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Inhibition, Calcineurin Activity leads to Interference, nuclear localization of NFAT
Key Event Relationship Overview
AOPs Referencing Relationship
|AOP Name||Adjacency||Weight of Evidence||Quantitative Understanding||Point of Contact||Author Status||OECD Status|
|Inhibition of Calcineurin Activity Leading to Impaired T-Cell Dependent Antibody Response||adjacent||Moderate||Moderate||Cataia Ives (send email)||Open for comment. Do not cite||EAGMST Under Review|
Life Stage Applicability
|All life stages||High|
Key Event Relationship Description
The phosphatase activity of calcineurin (CN) is known to be inhibited by CN inhibitors (CNIs) such as FK506 and cyclosporin A (CsA) through the formation of complexes with immunophilins.
Immunophilins of FK506-binding protein (FKBP) and cyclophilin bind with CNIs FK506 and CsA to form complexes, which inhibit CN activity (Barik. 2006).
While FKBP12, FKBP12.6, FKBP13, and FKBP52 are all part of the FK506-binding FKBP family, FKBP12 has a significant involvement in the mechanism of action for FK506-induced immunosuppression (Siekierka et al. 1989, Kang et al. 2008).
FKBP12 is a 12-kDa protein localized in cytoplasm and has been isolated from Jurkat T-cells as a receptor that binds with the FK506 (Bram et al. 1993). FKBP12 has an FK506-binding domain (FKBD) that comprises 108 amino acids, and is expressed in T cells, B cells, Langerhans cells, and mast cells (Siekierka et al. 1990, Panhans-Gross et al. 2001, Hultsch et al. 1991).
Cyclophilin and FKBP both exhibit peptidyl propyl isomerase (PPIase) activity, but the PPlase activity and the inhibition of activity that they indicate are unrelated to CN regulation.
CN is a heterodimer that comprises a catalytic subunit (CnA) and a Ca-binding regulatory subunit (CnB). CnA handles phosphatase activity as well as calmodulin binding, and CnB regulates intracellular calcium and CnA (Klee et al. 1988, Zhang et al. 1996). CnA is a 59kDa protein with a serine-threonine phosphatase domain.
CNI-immunophilin complexes such as FK506/FKBP complexes and cyclophilin/CsA complexes bind directly to CnA in the cell, causing steric hindrance of substrate binding to CN, which in turn inhibits phosphatase activity of CN (Schreiber and Crabtree 1992, Liu et al. 1993, Bierer et al. 1993, Bram et al. 1993, Rao et al. 1997, Liu et al. 1991).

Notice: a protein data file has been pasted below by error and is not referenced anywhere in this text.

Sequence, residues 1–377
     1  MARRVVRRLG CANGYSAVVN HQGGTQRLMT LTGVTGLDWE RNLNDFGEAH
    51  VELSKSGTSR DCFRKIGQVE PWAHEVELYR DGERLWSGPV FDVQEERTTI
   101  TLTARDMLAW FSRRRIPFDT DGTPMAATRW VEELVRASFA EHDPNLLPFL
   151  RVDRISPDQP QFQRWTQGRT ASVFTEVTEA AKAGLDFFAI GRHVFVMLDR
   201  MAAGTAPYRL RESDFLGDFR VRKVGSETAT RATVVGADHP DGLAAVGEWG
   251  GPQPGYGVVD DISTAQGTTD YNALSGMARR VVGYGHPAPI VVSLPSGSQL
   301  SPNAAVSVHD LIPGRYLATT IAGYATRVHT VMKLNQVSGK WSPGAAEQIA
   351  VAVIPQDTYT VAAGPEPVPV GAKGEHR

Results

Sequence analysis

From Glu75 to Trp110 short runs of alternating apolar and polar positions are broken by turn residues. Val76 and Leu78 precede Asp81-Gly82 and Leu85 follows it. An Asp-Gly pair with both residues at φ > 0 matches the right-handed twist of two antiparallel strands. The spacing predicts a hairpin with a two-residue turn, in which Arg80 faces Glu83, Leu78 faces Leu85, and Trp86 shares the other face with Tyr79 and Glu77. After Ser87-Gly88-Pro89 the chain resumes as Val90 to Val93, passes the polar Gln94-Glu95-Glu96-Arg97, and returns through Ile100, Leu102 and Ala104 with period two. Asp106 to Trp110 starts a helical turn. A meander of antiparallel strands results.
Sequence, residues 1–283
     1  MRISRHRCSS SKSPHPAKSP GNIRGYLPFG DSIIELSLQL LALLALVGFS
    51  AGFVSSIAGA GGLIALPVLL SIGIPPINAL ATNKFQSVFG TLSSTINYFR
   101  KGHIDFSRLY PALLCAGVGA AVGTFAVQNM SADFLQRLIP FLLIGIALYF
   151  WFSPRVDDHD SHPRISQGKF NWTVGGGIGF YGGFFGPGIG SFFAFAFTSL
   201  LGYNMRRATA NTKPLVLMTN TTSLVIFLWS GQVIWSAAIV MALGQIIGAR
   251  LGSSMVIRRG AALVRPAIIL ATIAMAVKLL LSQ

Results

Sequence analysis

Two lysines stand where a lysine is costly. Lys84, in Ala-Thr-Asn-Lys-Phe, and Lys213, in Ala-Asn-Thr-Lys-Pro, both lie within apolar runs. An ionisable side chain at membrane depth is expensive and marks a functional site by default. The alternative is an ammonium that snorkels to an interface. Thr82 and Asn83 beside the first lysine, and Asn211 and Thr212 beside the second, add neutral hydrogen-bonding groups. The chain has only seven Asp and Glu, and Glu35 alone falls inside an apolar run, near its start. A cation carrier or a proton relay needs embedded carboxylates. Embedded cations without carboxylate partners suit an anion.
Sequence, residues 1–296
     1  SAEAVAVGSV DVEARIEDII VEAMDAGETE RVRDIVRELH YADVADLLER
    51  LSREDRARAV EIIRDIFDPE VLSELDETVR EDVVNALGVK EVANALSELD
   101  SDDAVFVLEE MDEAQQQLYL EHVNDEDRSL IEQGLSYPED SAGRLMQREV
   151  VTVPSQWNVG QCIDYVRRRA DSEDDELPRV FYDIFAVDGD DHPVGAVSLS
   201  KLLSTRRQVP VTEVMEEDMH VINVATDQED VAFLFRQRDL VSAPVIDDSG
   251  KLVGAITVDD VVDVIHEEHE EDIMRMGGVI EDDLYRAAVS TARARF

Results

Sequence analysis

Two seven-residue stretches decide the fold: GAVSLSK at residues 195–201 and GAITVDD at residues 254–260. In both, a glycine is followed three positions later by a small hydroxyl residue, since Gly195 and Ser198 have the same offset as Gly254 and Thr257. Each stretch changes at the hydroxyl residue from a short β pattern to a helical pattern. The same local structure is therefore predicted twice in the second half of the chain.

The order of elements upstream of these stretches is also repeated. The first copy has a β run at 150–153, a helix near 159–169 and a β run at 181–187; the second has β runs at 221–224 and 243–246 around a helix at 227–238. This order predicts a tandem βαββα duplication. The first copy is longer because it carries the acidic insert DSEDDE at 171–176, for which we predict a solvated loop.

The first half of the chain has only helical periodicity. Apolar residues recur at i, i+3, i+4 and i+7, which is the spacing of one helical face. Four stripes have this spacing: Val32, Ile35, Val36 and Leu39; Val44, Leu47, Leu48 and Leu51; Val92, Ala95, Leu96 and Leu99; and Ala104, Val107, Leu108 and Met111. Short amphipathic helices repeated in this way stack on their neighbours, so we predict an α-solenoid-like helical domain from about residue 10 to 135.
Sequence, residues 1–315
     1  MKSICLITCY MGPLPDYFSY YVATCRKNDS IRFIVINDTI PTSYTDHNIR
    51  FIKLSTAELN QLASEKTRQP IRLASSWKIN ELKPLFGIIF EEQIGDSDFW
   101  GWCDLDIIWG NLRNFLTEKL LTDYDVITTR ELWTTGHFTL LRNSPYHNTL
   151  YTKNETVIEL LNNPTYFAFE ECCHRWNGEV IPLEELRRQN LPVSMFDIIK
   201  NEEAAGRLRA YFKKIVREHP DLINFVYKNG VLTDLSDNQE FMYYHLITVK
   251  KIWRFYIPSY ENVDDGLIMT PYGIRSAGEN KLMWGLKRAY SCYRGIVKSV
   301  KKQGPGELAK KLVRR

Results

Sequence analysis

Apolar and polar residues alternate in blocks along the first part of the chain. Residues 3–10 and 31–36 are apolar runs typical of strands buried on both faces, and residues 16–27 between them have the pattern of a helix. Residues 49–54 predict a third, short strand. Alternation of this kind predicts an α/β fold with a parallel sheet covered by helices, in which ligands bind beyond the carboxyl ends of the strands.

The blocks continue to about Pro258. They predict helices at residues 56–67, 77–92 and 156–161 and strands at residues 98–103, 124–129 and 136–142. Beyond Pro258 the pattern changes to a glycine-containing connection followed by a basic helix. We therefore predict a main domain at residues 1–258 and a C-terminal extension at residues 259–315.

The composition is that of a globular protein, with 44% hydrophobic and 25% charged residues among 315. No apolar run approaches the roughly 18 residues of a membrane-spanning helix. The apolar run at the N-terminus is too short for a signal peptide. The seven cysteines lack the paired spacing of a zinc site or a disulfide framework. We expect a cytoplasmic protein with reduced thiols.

The nuclear factor of activated T cells (NFAT) is a substrate of CN (Rao et al. 1997).
When T-cell activation takes place, T-cell–receptor-mediated stimulus increases the intracellular concentration of calcium and activates CnB, which subsequently induces CnA phosphatase activation, leading to dephosphorylation of NFAT. In that process, . dephosphorylated SP motifs exposes nuclear localization signal (NLS) and covers nuclear export signal (NES), thereby promoting nuclear localization of NFAT (Matsuda and Koyasu 2000, Zhu and McKeon 1999).
When CN activity is inhibited by the binding of immunophilin complexes, dephosphorylation does not occur in NFAT, thereby interfering with nuclear localization.
Evidence Supporting this KER
The molecular structures and functions of CN and NFAT are evident based on sufficient scientific findings as mentioned above The known mechanisms for inhibition of CN phosphatase activity by FK506, CsA, or other CNIs are initiated by the formation of complexes with their respective immunophilin species. Immunophilins are general classes of proteins that exhibit PPlase activity, but modification of these functions is unrelated to inhibition of CN activity and thus thought to arise in the molecular structure of the complexes (Schreiber and Crabtree 1992, Liu et al. 1993, Bierer et al. 1993, Bram et al. 1993, Rao et al. 1997, Liu et al. 1991).
As mentioned above, inhibition of CN phosphatase activity interferes with the dephosphorylation of NFAT, which leads to the suppression of its nuclear localization.
Uncertainties and Inconsistencies
CN and NFAT are expressed in T cells and other immune cells including B cells, DC, and NKT cells and related to cytokine productions from these immune cells. Also, expression of IL-2 receptors (IL-2R) in DCs are lowered due to the inhibition of CN phosphatase activity by CNI treatment. Of these, reduced production of IL-2 and IL-4 from T cells plays a major role in suppression of TDAR due to lower proliferation, differentiation, and class switching of B cells. There have been no reports of CNI-induced reduction of cytokines other than IL-2 and IL-4 or reduced expression of IL-2R resulting in TDAR suppression.